By Jordy Yager - 03/28/12 11:45 PM EDT
A desire to “win the case” caused Department of Justice prosecutors to hide evidence from former Sen. Ted Stevens (R-Alaska), according to a court-appointed investigator.
Senators grilled the investigator, Henry Schuelke III, for nearly two hours over his recently released 525-page report on the botched Stevens case. The report found that federal prosecutors intentionally withheld exculpatory evidence from Stevens’s lawyers.
Schuelke told lawmakers on the Senate Judiciary Committee that Joseph Bottini and James Goeke, the DOJ prosecutors he found responsible for hiding evidence from Stevens, acted not out of personal malice toward the powerful longtime senator or in an attempt to gain fame, but out of a desire to win the case.
“Prosecutors, plaintiffs attorneys, defense attorneys … like to win,” said Schuelke, who has worked in all three positions in his career.
“We do not want to have to undermine our case if it can possibly be avoided. I think that motive to win the case was the principal operative motive. I do not believe that any of the prosecutors, including Mr. Bottini and Mr. Goeke, from Alaska, harbored a personal animus toward Sen. Stevens.
“I don’t believe that either of them sought fame and glory and that’s the reason they sought to win the case. That’s just not in their personalities, in my judgment. They did, however, want to win the case,” Schuelke said.
Committee Chairman Patrick Leahy (D-Vt.) balked at the idea that anything other than justice would motivate a prosecutor.
“A prosecutor has a unique position in the system,” Leahy said. “They’re not just there to win. I understand what you’re saying: They want to win. But they’re not just there to win, they’re there to make sure justice is done.”
Schuelke’s report did not find criminal fault with the federal prosecutors, saying that the judge in the Stevens case never explicitly instructed the government to turn over all exculpatory evidence. Therefore, the prosecutors didn’t violate a direct court order, he said.
However, the judge refrained from making such an order in large part because it is a well-established and observed practice to hand over exculpatory evidence to the defense, no matter how damning.
Sen. Lisa Murkowski (R-Alaska), a close friend and political ally of Stevens’s, has introduced a bill that would require prosecutors to face penalties from a judge if they did not share evidence with the defense.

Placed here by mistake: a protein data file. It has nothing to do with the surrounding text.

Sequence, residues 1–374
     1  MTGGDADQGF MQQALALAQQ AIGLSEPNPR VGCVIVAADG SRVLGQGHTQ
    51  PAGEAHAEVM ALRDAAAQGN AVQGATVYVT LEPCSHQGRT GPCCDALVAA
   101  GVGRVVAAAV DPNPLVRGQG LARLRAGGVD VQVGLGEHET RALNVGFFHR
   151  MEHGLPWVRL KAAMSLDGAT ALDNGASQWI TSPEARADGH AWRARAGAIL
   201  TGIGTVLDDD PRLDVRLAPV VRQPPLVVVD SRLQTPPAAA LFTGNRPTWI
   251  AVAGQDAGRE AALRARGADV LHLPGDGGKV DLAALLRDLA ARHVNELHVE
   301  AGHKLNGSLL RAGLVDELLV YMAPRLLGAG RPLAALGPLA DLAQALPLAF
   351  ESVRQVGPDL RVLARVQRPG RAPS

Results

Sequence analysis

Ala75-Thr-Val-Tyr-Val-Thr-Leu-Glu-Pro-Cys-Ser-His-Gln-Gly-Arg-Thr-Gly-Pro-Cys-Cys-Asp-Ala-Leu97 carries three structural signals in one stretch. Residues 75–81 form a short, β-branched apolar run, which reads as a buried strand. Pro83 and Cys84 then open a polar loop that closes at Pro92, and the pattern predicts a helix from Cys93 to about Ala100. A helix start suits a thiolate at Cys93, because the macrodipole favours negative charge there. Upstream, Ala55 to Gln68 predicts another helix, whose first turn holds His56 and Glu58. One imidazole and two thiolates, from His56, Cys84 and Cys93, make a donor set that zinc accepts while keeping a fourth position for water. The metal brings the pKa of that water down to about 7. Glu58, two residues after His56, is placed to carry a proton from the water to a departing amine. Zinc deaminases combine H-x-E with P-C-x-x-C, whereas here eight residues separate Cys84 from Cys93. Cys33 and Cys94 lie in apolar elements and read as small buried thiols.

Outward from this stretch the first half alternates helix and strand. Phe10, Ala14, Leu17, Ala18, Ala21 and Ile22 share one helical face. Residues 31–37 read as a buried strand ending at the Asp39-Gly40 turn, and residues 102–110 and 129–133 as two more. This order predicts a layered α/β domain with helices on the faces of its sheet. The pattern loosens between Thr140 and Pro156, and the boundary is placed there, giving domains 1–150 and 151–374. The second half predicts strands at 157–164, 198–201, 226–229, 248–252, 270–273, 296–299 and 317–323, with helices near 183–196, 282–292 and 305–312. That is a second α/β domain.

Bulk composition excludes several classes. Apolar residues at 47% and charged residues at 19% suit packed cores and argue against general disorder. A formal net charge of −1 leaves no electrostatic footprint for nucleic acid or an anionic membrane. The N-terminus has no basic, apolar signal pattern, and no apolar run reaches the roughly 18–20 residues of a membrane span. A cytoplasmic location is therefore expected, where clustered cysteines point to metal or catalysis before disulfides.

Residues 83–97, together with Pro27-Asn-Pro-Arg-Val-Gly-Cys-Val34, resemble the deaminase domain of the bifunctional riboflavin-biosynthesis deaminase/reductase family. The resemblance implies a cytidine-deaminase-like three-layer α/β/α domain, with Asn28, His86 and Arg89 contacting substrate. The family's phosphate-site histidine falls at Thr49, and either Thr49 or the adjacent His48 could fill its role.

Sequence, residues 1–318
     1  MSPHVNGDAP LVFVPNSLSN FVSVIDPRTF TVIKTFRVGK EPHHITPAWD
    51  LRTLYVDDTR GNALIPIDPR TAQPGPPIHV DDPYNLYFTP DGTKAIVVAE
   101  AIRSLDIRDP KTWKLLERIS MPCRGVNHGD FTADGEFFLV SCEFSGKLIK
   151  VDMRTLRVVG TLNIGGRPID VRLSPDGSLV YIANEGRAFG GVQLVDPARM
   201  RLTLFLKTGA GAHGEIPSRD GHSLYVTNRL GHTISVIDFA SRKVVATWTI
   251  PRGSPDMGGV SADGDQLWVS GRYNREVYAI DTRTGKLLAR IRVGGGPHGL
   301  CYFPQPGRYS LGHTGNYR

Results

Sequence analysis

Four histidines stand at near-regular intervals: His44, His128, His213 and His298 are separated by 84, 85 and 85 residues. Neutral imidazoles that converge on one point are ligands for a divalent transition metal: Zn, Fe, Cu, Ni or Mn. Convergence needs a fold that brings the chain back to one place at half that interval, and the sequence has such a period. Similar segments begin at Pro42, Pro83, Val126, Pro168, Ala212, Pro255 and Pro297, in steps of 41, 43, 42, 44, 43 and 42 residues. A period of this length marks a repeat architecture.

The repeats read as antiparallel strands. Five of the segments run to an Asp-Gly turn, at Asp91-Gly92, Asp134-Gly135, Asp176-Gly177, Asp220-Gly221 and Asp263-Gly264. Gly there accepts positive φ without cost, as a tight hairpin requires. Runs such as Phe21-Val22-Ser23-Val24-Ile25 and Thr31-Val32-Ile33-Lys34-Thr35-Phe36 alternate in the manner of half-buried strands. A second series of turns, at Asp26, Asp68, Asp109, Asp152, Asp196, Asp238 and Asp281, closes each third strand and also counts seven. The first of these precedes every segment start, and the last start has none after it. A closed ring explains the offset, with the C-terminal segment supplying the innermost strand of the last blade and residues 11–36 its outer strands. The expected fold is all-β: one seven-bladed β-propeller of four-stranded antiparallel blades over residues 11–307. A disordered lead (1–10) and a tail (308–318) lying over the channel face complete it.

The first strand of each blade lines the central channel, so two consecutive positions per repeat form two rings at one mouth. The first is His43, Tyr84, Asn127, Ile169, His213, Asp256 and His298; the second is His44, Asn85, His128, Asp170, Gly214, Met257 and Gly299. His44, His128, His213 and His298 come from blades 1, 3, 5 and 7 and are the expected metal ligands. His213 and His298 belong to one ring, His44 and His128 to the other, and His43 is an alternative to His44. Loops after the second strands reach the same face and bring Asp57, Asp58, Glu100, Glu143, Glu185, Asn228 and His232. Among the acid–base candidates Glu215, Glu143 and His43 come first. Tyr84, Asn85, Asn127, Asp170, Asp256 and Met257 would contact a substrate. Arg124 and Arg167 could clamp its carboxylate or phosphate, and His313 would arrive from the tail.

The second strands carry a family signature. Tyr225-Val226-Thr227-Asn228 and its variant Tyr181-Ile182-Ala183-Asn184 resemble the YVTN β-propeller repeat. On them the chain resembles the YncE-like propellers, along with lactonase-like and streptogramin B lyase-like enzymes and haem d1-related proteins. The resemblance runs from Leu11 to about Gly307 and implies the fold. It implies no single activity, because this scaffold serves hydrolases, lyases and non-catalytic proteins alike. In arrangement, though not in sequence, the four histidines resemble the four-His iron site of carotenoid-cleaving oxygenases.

Many of the senators pressed Schuelke about the likelihood of a future criminal case being mishandled in the same way.
“How does any citizen know that the Department of Justice won’t abide by similar prosecutorial misconduct in the future?” asked Sen. John Cornyn (R-Texas).
Schuelke indicated his support of some of the aims of Murkowski’s bill, but stressed that the DOJ’s actions in the Stevens case were not typical.
“I do not believe, on the basis of our investigation, that what happened in the Stevens case is representative of what happens in the cases brought by the thousands across this country by the Department of Justice,” he said.
The DOJ has expressed its misgivings about the cooling effect that Murkowski’s bill could have on government witnesses who may not want to come forward with testimony if they believe their past and credibility will be put on trial by defense lawyers, who will have access to it as part of the mandatory disclosure of evidence.
But a group of 112 legal experts — including nearly 80 former federal prosecutors — sent a letter to the Senate Judiciary Committee ahead of Wednesday’s hearing to express their support for Murkowski’s measure.
“Self-regulation by the DOJ has been tried and has failed. It is ultimately not a solution to the injustices that continue to occur,” wrote the signatories of the letter, which was organized by the Constitution Project, a D.C.-based bipartisan think tank.
In 2008, Stevens was convicted for failing to disclose a series of home renovations he received from an oil executive. His conviction came about one week before voters went to the polls, causing him to narrowly lose his reelection bid that year. Stevens died in a plane crash in 2010.
In his report, Schuelke found that prosecutors inflated the worth of the home renovations Stevens had done by more than three times the actual value, in an effort to paint a more egregious offense. Prosecutors withheld evidence from the defense about the true worth of the renovations, including testimony from the government’s key witness on the matter, said Stevens’s lawyers.
The prosecution also did not hand over evidence from Stevens’s defense team that could have discredited the government’s key witness by calling attention to his alleged relations with a teenage prostitute.
In his first months as attorney general, Eric Holder dismissed the indictment against Stevens and asked a federal judge to set aside the guilty verdict after reviewing evidence suggesting the DOJ’s witnesses might have perjured themselves and that the government withheld evidence from the defense team.
Holder ordered a separate report by the Office of Professional Responsibility (OPR), which is expected to be completed soon. Senators are pushing hard for its public release.